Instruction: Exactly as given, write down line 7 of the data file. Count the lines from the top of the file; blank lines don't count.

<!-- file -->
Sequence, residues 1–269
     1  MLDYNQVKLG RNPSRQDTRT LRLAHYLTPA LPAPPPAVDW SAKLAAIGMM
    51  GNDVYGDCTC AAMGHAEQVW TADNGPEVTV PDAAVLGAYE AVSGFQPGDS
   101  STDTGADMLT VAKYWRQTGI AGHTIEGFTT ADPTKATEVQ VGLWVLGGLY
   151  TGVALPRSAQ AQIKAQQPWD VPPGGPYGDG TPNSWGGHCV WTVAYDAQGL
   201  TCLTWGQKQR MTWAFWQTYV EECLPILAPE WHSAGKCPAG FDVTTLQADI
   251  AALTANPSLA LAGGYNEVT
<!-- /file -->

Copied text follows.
   251  AALTANPSLA LAGGYNEVT